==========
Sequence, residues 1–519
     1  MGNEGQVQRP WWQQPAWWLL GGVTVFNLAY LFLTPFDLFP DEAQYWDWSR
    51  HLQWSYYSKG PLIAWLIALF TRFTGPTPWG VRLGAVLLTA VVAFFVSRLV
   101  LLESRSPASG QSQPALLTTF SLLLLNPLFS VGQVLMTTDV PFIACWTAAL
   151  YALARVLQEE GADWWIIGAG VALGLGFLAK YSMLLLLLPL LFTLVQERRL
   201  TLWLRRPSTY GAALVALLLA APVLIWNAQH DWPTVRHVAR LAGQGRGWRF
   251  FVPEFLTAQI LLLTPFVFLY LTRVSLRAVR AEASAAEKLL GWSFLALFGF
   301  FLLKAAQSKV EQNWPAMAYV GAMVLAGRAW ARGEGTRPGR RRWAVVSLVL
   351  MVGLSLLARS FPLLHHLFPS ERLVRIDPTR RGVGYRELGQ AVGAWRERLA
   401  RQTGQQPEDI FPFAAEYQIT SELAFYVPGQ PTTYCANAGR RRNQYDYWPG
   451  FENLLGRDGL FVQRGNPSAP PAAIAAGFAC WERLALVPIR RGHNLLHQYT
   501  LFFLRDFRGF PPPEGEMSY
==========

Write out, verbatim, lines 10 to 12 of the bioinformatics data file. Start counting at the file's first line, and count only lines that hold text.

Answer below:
   401  RQTGQQPEDI FPFAAEYQIT SELAFYVPGQ PTTYCANAGR RRNQYDYWPG
   451  FENLLGRDGL FVQRGNPSAP PAAIAAGFAC WERLALVPIR RGHNLLHQYT
   501  LFFLRDFRGF PPPEGEMSY